71 Will Robinson Republican
73 Tommy Gregory Republican

Manatee County Board of County Commissioners[edit]

The Board of Commissioners include the following:[55]

Position Incumbent
District 1 James Satcher
District 2 Reggie Bellamy
District 3 Kevin Van Ostenbridge
District 4 Misty Servia
District 5 Vanessa Baugh
District 6[note 1] Carol Whitmore
District 7[note 1] George Kruse
  1. ^ a b At-large, representing the entire county.

Public education[edit]

Manatee County School Board[56]
Position Incumbent Term ends
District 1 Gina Messenger November 2024
District 2 Charlie Kennedy November 2022
District 3 Mary Foreman November 2024
District 4 Dr. Scott L. Hopes November 2022[note 1]
District 5 Rev. James Golden November 2022
  1. ^ On July 21, 2017, Governor Rick Scott appointed Hopes to fill the then-vacant seat on the Manatee board following resignation of Karen Carpenter's seat effective June 1, 2017.[57]

Other offices[edit]

Constitutional officers
Office Name Party First elected
  Clerk of the Circuit Court Angelina M. Colonneso Republican 2015†
  Property Appraiser Charles E. Hackney Republican 1992
  Sheriff Rick Wells Republican 2016†
  Supervisor of Elections [58] Mike Bennett Republican 2013
  Tax Collector[59] Ken Burton, Jr Republican 1992

Voter registration[edit]

Information as of March 31, 2022.[60]

Voter registration and party enrollment
Party Number of voters Percentage
Republican 119,860 43.78%
Democratic 79,634 29.09%
No Party Affiliation 69,324 25.32%
Minor parties 4,960 1.81%
Total 273,778 100%

See also[edit]


  1. ^ Note: the US Census treats Hispanic/Latino as an ethnic category. This table excludes Latinos from the racial categories and assigns them to a separate category. Hispanics/Latinos can be of any race.[28][29]


  1. ^ "State & County QuickFacts". United States Census Bureau. Retrieved February 20, 2020.
  2. ^ "Find a County". National Association of Counties. Retrieved June 7, 2011.
  3. ^ Publications of the Florida Historical Society. Florida Historical Society. 1908. p. 33.
  4. ^ Willey, Gordon (January 1948). "Culture Sequence in the Manatee Region of West Florida". American Antiquity. 13 (3): 210. doi:10.2307/275425. JSTOR 275425. S2CID 161791092. Retrieved March 28, 2022.
  5. ^ Bullen, Ripley (1951). "Terra Ceia Site, Manatee County, Florida". Florida Anthropological Society: 7–9. Retrieved March 28, 2022.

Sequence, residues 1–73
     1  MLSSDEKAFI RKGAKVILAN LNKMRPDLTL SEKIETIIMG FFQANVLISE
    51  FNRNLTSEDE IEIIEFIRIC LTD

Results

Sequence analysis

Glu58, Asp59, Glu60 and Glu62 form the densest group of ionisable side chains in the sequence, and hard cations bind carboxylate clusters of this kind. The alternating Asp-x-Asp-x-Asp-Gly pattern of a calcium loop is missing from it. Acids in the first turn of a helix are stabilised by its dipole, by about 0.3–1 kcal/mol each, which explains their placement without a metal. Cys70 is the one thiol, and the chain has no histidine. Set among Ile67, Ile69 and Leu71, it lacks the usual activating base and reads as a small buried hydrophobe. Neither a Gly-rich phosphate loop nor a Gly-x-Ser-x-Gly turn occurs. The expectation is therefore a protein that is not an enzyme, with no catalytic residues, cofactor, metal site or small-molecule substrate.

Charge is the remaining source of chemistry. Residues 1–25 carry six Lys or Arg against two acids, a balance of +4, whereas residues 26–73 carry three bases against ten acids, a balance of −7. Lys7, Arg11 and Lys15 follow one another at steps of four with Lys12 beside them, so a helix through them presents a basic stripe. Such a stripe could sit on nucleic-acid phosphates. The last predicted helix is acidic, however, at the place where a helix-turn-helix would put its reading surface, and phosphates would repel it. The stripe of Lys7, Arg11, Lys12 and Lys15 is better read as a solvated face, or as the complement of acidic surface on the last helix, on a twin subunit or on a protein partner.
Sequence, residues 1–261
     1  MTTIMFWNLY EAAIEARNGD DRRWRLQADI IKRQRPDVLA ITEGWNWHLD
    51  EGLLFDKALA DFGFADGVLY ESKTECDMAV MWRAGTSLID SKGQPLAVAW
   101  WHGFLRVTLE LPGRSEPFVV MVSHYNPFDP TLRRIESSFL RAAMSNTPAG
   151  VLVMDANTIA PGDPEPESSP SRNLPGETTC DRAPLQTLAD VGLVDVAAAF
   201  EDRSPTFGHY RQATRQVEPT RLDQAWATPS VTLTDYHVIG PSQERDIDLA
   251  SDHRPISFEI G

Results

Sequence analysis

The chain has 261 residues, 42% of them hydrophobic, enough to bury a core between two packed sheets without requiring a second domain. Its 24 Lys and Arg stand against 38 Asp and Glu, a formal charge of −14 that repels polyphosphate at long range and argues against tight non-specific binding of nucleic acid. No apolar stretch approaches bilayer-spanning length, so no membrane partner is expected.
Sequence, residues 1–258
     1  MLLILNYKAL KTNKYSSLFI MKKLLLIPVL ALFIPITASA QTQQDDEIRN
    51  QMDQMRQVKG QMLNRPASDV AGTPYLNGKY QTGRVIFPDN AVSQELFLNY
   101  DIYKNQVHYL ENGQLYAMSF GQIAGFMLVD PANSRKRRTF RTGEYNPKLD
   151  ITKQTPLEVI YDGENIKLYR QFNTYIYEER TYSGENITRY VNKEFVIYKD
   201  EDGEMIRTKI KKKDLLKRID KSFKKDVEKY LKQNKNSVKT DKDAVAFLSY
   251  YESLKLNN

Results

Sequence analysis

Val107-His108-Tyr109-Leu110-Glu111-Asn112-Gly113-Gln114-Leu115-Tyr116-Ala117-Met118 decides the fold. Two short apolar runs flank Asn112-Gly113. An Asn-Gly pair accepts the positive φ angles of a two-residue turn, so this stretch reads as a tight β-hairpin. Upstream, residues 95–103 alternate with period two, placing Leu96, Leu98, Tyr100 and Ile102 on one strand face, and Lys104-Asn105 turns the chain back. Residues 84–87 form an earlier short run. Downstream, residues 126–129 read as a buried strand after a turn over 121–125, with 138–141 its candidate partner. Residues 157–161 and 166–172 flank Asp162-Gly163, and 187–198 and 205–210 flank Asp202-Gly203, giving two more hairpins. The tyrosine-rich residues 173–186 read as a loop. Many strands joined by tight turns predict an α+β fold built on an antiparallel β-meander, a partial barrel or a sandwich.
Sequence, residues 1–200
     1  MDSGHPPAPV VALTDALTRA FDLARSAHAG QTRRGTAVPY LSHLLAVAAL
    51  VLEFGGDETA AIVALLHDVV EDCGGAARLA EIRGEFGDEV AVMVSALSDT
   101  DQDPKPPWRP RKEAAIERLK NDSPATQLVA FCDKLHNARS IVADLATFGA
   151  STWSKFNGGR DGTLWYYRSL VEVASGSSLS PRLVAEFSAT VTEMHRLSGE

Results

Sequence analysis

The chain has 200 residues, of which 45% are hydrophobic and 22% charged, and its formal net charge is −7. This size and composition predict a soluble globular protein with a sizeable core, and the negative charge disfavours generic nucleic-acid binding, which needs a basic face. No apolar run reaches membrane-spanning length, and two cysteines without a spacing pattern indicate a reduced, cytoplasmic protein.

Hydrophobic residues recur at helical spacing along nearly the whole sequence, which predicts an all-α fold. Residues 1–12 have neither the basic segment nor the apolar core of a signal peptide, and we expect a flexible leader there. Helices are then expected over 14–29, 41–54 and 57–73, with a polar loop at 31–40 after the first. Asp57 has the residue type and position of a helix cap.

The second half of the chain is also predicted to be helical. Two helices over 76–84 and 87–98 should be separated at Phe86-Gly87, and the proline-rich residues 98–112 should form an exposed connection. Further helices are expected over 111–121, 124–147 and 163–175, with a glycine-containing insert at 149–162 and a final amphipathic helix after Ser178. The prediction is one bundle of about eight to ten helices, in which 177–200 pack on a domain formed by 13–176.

6. ^ Bullen. p. 7
  7. ^ Rivers, Larry E. (2000). Slavery in Florida : territorial days to emancipation. Gainesville: University Press of Florida. pp. 7–8. ISBN 9780813018133.
  8. ^ "An Act to provide for the armed occupation and settlement of the unsettled part of the Peninsula of East Florida". Retrieved April 13, 2022.
  9. ^ Knetsch, Joe (2000). "The Army Vs. The Indians Vs. The Settlers: The South Florida Frontier Between the Seminole Wars". Sunland Tribune. 26 (10): 2. Retrieved April 13, 2022.
  10. ^ a b "Manatee History Matters: Braidentown, Bradentown, Bradenton - What's in a name?". bradenton. Archived from the original on May 22, 2017. Retrieved April 5, 2017.
  11. ^ Camp, Paul (1979). "The Attack on Braden Castle: Robert Braden Castle: Robert Gamble t Gamble's Account". Tampa Bay History. 1 (8): 1–8. Retrieved June 26, 2023.
  12. ^ Camp 1979, p. 1.
  13. ^ "Pioneer Life in Manatee County". Archived from the original on February 1, 2016. Retrieved January 25, 2016.
  14. ^ Manatee County Sheriffs Office: 1855-2005 150th Anniversary History and Pictorial. United States: Turner Publishing Company. 2005. p. 7.
  15. ^ Matthews, Janet (1983). Edge of Wilderness. Tulsa, OK: Caprine Press. p. 249. ISBN 0914381008.
  16. ^ "1860 8th Federal Census" (PDF). Retrieved April 11, 2022.
  17. ^ "Dr. Joseph Addison Braden's sugar mill - Bradenton, Florida". State Archives of Florida. Retrieved June 26, 2023.
  18. ^ Camp 1979, p. 3.
  19. ^ Matthews, p. 254.
  20. ^ "Battle Unit Details: 7th Regiment, Florida Infantry". National Park Service. Retrieved August 23, 2022.
  21. ^ "Manatee Genealogical Society - Manatee County". Retrieved May 18, 2021.
  22. ^ Murphy, Bob. "Judah P. Benjamin Confederate Memorial at Gamble Plantation - Ellenton, Florida". Florida Memory. Florida Department of State. Retrieved April 4, 2022.